Protecting the freedom to be a jerk

Mike Adams is a tenured associate professor of criminology at the University of North Carolina-Wilmington. He is also a regular contributor to, and the author of such august tomes as “Feminists Say the Darndest Things: A Politically Incorrect Professor Confronts ‘Womyn’ on Campus” and “Welcome to the Ivory Tower of Babel.” He seems to me, in his public writings and attitudes, to be a virulently right-wing jerk.

Mike Adams is also extraordinarily popular among students, and he has many peer-reviewed scholarly publications. Nonetheless, Adams’ application for promotion to full professor in 2006 was allegedly denied on the basis of his public engagement. Despite my distaste for Adams’ dumb ideas about feminism, diversity and homosexuality, I’m glad that Adams sued the university, and am delighted that last month he won in an important ruling that (for now) preserves a vestige of academic freedom in this country.

For although I find his views as repugnant as many found the anti-NRA tweet of University of Kansas professor Don Guth (whose kerfuffle resulted in one of the most restrictive social-media policies in all of academia), Adams’ spirited public engagement should have helped, rather than hindered, his bid. There’s precious little academic freedom left, but it sure as hell should include the freedom to be a schmuck. (An email to Mike Adams seeking comment, and to confirm or deny said schmuckitude, was not returned.)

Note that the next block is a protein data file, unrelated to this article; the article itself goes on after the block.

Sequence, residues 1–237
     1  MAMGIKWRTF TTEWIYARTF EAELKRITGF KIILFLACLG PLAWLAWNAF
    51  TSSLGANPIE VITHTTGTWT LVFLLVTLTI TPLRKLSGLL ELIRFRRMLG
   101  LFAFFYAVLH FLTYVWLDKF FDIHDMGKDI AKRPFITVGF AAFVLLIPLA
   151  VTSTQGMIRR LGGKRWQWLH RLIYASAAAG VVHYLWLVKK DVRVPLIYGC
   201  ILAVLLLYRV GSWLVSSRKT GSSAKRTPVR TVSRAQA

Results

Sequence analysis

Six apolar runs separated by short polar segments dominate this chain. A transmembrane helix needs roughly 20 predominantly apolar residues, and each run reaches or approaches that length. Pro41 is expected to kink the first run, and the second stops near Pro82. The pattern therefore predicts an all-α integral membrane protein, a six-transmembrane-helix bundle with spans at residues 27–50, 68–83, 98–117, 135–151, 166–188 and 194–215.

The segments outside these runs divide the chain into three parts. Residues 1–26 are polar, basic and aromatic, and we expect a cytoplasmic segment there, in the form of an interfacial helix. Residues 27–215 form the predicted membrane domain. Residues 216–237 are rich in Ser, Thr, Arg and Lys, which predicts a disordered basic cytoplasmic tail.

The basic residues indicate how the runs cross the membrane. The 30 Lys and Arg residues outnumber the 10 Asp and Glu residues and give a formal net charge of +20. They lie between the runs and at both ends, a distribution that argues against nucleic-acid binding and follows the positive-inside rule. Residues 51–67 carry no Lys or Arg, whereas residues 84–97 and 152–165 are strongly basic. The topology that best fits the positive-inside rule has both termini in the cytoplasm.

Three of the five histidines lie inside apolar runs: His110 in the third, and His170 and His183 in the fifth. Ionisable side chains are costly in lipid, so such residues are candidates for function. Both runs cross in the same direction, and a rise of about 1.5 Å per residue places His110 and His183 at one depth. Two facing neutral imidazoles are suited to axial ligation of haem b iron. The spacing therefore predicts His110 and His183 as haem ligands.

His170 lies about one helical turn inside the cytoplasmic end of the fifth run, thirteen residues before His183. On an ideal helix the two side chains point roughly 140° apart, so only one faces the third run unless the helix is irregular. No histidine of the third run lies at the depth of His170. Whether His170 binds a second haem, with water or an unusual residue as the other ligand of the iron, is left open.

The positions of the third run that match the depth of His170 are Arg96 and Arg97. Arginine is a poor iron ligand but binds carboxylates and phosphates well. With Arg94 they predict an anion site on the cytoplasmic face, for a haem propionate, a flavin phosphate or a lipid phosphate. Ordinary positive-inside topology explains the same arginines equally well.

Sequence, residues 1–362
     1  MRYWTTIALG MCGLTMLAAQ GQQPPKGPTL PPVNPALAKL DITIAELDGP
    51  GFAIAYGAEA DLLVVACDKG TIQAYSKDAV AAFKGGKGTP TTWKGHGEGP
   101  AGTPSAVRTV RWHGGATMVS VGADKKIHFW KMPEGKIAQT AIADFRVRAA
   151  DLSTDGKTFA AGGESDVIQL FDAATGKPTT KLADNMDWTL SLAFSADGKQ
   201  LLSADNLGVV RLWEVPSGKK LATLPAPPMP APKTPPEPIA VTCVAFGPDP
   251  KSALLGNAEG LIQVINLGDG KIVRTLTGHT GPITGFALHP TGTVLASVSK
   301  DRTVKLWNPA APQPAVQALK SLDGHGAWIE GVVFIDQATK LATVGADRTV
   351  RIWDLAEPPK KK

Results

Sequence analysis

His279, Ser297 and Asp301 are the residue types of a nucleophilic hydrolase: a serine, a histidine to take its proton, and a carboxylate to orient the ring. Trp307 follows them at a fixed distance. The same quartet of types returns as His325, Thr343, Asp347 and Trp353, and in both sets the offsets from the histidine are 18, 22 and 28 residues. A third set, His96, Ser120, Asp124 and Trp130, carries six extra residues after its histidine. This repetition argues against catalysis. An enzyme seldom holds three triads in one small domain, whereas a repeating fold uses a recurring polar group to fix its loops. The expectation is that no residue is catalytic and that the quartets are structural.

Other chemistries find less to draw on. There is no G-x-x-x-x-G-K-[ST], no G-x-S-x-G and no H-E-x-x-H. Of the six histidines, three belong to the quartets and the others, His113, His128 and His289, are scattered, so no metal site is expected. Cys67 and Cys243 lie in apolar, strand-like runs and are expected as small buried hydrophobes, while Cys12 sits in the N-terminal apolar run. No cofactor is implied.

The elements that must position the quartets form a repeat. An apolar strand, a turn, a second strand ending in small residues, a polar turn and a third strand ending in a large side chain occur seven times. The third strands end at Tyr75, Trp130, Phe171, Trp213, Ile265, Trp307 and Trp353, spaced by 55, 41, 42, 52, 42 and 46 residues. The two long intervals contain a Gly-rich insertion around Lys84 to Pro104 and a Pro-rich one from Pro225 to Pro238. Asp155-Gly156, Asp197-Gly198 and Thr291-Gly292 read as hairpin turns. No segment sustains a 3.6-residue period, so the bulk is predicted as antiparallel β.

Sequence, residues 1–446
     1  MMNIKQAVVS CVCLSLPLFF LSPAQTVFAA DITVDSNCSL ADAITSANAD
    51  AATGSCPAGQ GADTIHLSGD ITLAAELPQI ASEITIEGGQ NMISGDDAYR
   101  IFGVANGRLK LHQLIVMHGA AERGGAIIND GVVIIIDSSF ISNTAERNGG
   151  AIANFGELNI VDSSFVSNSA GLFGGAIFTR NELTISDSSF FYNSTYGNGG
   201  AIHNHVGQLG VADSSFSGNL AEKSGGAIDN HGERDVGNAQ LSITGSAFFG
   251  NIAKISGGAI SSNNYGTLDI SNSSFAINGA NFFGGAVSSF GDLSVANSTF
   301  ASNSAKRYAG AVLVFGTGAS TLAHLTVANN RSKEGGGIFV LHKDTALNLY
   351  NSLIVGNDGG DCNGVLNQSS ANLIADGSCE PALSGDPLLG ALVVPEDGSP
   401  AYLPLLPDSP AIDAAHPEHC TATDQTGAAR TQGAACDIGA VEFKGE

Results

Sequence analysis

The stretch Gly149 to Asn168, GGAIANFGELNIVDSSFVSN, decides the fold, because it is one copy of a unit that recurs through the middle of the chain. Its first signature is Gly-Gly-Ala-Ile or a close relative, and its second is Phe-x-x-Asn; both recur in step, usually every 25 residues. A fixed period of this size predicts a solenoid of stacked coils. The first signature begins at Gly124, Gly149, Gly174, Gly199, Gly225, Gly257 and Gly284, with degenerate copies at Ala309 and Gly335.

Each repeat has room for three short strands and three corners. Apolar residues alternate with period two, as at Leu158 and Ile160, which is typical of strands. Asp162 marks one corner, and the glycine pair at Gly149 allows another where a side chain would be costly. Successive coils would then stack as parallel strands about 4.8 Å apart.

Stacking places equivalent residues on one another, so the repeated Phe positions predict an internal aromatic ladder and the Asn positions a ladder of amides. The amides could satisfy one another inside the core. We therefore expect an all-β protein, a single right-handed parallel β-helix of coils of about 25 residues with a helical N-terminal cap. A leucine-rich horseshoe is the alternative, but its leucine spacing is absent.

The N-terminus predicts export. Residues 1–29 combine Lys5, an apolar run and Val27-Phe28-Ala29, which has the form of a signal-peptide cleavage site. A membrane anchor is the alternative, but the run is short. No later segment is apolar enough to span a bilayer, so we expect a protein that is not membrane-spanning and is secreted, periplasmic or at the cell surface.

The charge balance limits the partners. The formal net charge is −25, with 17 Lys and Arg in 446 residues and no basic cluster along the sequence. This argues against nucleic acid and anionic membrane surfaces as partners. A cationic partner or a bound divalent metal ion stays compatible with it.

Adams’ TownHall bio boasts the classic young-lefty-sees-the-light creation myth – a “light” that shone brightest in the immediate aftermath of the 9/11 terrorist attacks, when he responded to a lengthy and pained diatribe emailed to the entire UNC-Wilmington faculty by student Rosa Fuller. Both emails are hopped up on the visceral emotion and overblown historical self-importance you might recall from your own communications in the final months of 2001. The student launches into an extended litany of U.S. misdeeds in the Muslim world; Adams responds, “The Constitution protects your speech just as it has protected bigoted, unintelligent, and immature speech for many years.”

The back-and-forth was apparently forwarded to every Fox News-watching uncle in the nation, and a gleefully self-avowed “anti-diversity” celebrity was born. The book deals soon followed, the Web presence grew, and when it came time for Adams to apply for what academics call promotion to capital-F Full, he included his record of public engagement in his portfolio. For when a scholar has dedicated himself (or herself, as Adams would hate me reminding you) to discourse with the public, that can count as intellectual service to the university and community.

Alas, Adams’ committee was, apparently, unimpressed with “service” that included a book with a chapter cheekily titled “Behind Every Successful Man, There’s a Fat Stupid Woman,” and the rest is history.

What is particularly important about this case is that, according to the legal finding, it was the “speech activity” of Adams’ public-engagement material submitted – and not, say, a tweet fired off (too soon?) in his capacity as a private citizen – that prevented Adams’ promotion.

I find every sentence Mike Adams writes to be abhorrent. (“The institution of heterosexual marriage is good. It tames men. It protects women. It is good for children. Therefore, it is worth promoting.”) But who are we to rule him unworthy of a place in the public discourse, which is all he endeavored to prove by submitting his portfolio?